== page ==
Twin studies have lacked statistical power to apply advanced genetic modelling techniques to the search for cognitive endophenotypes for bipolar disorder.Aims
To quantify the shared genetic variability between bipolar disorder and cognitive measures.Method
Structural equation modelling was performed on cognitive data collected from 331 twins/siblings of varying genetic relatedness, disease status and concordance for bipolar disorder.Results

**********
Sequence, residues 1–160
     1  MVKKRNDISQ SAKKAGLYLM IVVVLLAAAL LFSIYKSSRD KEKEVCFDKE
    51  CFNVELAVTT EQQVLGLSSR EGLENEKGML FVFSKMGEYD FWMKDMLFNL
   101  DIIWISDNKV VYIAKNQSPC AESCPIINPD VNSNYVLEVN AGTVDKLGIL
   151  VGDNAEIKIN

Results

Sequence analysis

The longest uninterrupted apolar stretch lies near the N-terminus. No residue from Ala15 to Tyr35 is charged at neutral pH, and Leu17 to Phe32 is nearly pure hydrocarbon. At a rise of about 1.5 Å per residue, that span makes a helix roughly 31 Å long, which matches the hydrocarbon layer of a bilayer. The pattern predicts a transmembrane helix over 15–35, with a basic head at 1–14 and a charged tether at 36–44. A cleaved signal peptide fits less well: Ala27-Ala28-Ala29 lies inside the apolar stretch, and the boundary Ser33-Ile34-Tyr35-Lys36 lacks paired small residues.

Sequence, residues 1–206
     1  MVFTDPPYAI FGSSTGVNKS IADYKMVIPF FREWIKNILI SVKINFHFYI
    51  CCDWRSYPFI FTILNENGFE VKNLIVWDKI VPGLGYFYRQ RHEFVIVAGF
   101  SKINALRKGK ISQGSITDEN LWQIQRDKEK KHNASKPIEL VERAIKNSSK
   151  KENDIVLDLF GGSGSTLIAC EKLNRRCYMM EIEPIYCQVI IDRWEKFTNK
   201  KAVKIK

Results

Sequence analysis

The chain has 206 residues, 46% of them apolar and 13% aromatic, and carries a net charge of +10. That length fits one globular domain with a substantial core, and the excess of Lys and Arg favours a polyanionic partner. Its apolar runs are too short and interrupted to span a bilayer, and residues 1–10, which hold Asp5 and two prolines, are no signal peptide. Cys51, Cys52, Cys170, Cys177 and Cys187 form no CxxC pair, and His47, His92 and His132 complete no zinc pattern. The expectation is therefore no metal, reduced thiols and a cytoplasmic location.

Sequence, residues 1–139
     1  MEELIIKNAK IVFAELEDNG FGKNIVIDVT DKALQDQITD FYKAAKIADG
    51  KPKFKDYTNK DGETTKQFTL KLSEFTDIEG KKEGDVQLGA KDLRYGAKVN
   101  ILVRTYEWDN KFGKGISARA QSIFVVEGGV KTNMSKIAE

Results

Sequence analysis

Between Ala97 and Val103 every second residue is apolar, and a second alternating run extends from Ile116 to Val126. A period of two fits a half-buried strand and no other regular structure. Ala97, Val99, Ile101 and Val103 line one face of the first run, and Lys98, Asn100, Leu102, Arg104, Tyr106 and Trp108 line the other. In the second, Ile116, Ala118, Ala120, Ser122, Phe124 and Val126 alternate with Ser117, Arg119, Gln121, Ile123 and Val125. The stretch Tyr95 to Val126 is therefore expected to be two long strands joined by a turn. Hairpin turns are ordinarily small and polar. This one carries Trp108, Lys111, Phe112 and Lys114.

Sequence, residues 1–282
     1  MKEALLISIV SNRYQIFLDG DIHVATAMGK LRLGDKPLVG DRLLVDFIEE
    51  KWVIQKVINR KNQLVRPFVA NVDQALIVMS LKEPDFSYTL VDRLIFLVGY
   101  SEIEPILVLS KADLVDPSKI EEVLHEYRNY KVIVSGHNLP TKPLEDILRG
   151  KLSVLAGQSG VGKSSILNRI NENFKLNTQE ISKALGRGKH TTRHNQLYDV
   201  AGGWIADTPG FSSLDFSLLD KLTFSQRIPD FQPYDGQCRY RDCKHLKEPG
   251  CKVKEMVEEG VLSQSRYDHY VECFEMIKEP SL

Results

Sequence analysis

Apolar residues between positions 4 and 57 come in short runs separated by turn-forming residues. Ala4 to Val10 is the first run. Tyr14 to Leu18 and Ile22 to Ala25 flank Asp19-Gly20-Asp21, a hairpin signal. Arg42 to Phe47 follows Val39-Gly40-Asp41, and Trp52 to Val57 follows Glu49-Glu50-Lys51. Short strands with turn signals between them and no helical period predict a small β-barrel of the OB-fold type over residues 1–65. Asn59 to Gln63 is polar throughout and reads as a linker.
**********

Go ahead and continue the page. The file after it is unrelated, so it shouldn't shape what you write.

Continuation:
Using a parsimonious AE model, verbal episodic and spatial working memory showed statistically significant genetic correlations with bipolar disorder (rg = |0.23|–|0.27|), which lost statistical significance after covarying for affective symptoms. Using an ACE model, IQ and visual-spatial learning showed statistically significant genetic correlations with bipolar disorder (rg = |0.51|–|1.00|), which remained significant after covarying for affective symptoms.Conclusions
Verbal episodic and spatial working memory capture a modest fraction of the bipolar diathesis. IQ and visual-spatial learning may tap into genetic substrates of non-affective symptomatology in bipolar disorder.